Multimillion pound boost for early cancer detection research in Cambridge

The CRUK Cambridge Centre Early Detection Programme along with University College London, the University of Manchester, the Canary Center at Stanford and the Knight Cancer Institute are now partners in the Cancer Research UK International Alliance for Cancer Early Detection (ACED).

The Alliance was created because there is a great potential for earlier detection of cancer research which could offer transformational improvements in patient outcomes. In the previous decades, the progress in early detection research has been limited as the research wasn't prioritised, there were restricted career development opportunities and the research community was fragmented which counteracted progress acceleration across institutions and collaborations (also with industry).

The ACED Alliance, which unites five world-leading centres for early detection, is a science-led, collaborative investment that will support early detection of cancer research. Representing up to £40 million of investment, this initiative aims to foster collaboration, infrastructure development and training across these outstanding UK and US Centres within the Alliance and for the wider early detection research community.

Scientists in the Alliance will work together at the forefront of technological innovation to translate research into realistic ways to improve cancer diagnosis, which can be implemented into health systems.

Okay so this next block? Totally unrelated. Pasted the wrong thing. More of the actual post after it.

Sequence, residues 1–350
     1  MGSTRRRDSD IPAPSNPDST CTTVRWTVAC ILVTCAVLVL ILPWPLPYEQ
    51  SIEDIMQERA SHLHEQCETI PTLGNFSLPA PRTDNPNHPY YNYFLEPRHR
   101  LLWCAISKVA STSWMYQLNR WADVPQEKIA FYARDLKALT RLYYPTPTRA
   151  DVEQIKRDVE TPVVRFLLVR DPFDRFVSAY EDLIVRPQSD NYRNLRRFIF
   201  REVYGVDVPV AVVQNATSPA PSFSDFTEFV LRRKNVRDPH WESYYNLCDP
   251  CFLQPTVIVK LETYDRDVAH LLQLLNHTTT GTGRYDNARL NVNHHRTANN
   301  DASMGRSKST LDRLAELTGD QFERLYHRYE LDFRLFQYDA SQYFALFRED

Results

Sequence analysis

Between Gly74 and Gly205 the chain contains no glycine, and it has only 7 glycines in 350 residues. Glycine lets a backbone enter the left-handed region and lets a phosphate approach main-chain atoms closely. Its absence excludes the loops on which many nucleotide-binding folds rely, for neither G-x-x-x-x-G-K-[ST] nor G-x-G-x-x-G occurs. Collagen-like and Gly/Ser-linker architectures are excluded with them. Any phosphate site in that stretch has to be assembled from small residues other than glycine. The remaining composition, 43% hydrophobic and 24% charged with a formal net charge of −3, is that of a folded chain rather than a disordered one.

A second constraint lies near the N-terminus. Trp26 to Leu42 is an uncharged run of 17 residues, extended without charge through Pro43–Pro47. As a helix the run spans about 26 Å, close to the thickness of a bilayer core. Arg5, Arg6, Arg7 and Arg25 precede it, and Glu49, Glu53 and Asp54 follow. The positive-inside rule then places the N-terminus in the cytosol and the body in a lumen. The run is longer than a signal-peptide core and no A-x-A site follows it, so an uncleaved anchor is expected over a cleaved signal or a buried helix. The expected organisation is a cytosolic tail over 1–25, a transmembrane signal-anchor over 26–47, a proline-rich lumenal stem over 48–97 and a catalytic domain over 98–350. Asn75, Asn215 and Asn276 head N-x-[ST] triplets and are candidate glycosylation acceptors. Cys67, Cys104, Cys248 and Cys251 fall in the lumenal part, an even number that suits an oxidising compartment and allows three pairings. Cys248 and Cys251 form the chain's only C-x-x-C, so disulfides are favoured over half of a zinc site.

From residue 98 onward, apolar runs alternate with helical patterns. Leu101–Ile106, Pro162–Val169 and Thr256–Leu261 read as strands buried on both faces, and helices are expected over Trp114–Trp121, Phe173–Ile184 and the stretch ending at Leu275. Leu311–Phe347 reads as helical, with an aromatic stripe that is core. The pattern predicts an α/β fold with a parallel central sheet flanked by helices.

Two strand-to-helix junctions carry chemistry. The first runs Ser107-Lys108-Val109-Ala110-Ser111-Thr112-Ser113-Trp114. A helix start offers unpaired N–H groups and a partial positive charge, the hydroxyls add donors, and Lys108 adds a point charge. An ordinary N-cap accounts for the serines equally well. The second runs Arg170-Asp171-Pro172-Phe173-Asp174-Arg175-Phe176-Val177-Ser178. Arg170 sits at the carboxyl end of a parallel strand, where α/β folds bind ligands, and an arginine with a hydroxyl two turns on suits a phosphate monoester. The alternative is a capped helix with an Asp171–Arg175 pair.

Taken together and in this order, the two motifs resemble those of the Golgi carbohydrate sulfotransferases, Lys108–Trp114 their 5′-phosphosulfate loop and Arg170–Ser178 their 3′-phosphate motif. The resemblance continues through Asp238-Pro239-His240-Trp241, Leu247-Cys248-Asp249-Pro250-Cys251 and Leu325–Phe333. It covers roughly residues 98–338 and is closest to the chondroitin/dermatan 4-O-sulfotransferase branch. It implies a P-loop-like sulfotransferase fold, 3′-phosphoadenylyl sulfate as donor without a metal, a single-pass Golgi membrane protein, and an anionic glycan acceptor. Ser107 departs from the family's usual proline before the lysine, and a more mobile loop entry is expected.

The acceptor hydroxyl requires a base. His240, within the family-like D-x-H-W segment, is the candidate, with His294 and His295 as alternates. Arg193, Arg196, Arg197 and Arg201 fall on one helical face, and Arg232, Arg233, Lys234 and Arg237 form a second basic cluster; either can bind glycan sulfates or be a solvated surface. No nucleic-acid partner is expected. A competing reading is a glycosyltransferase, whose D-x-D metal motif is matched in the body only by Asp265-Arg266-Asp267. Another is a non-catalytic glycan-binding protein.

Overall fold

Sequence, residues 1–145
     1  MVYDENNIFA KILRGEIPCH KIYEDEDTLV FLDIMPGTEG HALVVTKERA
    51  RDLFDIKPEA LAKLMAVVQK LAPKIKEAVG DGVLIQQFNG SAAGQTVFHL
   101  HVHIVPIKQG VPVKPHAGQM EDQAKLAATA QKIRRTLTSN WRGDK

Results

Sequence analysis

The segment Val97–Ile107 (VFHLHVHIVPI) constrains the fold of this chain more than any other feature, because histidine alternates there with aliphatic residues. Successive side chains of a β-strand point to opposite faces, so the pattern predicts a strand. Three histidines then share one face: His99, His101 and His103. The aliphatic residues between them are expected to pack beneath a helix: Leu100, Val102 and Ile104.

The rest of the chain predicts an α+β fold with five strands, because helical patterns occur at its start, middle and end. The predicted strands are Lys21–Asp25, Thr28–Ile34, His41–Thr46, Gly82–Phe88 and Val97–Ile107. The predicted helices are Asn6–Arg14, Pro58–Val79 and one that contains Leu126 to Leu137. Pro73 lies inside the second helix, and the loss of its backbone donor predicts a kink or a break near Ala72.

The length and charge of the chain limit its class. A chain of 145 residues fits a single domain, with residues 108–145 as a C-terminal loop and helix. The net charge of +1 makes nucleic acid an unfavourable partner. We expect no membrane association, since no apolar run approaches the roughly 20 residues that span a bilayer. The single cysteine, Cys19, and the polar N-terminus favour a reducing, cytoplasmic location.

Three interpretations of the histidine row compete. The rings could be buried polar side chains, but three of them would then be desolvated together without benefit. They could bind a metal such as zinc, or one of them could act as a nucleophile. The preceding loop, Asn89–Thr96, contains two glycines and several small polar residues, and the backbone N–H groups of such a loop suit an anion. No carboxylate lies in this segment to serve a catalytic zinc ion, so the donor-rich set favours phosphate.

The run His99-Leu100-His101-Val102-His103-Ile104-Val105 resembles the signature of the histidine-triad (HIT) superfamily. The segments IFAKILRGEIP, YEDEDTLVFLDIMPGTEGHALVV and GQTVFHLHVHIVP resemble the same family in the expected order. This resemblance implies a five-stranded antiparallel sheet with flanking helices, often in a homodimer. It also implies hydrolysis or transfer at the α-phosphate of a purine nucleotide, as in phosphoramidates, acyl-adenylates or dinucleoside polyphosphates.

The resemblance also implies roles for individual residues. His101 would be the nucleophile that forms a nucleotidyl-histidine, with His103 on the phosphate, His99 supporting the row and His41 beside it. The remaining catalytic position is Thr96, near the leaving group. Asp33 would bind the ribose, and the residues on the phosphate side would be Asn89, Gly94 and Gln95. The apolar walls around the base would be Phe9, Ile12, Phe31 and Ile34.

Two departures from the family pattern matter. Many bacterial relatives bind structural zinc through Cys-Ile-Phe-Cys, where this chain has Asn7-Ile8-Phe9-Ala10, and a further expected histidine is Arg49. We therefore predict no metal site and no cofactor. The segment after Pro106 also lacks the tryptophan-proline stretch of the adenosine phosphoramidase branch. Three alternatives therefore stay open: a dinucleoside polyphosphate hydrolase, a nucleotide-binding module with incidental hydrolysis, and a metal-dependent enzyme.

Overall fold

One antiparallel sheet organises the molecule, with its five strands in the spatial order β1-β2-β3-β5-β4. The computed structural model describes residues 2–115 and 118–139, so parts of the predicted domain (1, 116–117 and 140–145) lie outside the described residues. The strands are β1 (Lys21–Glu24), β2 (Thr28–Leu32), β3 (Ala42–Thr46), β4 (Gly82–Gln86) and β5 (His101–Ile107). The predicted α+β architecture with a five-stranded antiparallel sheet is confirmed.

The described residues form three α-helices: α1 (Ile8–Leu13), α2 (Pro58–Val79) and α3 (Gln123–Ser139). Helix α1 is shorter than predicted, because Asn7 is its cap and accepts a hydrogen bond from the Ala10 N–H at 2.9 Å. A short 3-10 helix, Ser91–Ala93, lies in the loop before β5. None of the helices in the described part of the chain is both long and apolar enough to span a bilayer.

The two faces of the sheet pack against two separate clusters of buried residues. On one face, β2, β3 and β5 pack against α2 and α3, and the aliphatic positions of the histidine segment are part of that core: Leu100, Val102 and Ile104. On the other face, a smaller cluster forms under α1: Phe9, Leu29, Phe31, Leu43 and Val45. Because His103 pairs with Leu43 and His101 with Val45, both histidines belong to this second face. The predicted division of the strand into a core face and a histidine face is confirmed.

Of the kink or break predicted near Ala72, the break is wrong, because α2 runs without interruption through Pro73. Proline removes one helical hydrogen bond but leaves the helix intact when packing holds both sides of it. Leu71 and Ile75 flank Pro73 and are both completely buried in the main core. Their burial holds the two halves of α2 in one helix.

Potential areas of research include:

  • Developing new improved imaging techniques and robotics, to detect early tumours and pre-cancerous lesions
  • Increasing understanding of how the environment surrounding a tumour influences cancer development
  • Developing less invasive and simpler detection techniques such as blood, breath and urine tests, which can monitor patients who are at a higher risk of certain cancers
  • Searching for early stress signals sent out from tumours or surrounding damaged tissue as a new indication of cancer
  • Looking for early signs of cancer in surrounding tissue and fluids to help diagnose hard to reach tumours
  • Harnessing the potential of artificial intelligence and big data to look for signs of cancer that are undetectable to humans.

Prime Minister Johnson said:

“Every two minutes, someone in the UK has their world turned upside down when they are diagnosed with cancer. Thanks to the pioneering work of UK researchers and our world-beating NHS, more people are surviving than ever.

“However, there is more to do to detect and cure this disease earlier. That is why I am pleased to welcome this new UK-US alliance, driven by Cancer Research UK. “This is the transatlantic partnership at its very best. Our brilliant scientists will be able to work together to develop detection technologies and implement them in our health service, so we can find cancer earlier and ultimately save people’s lives.”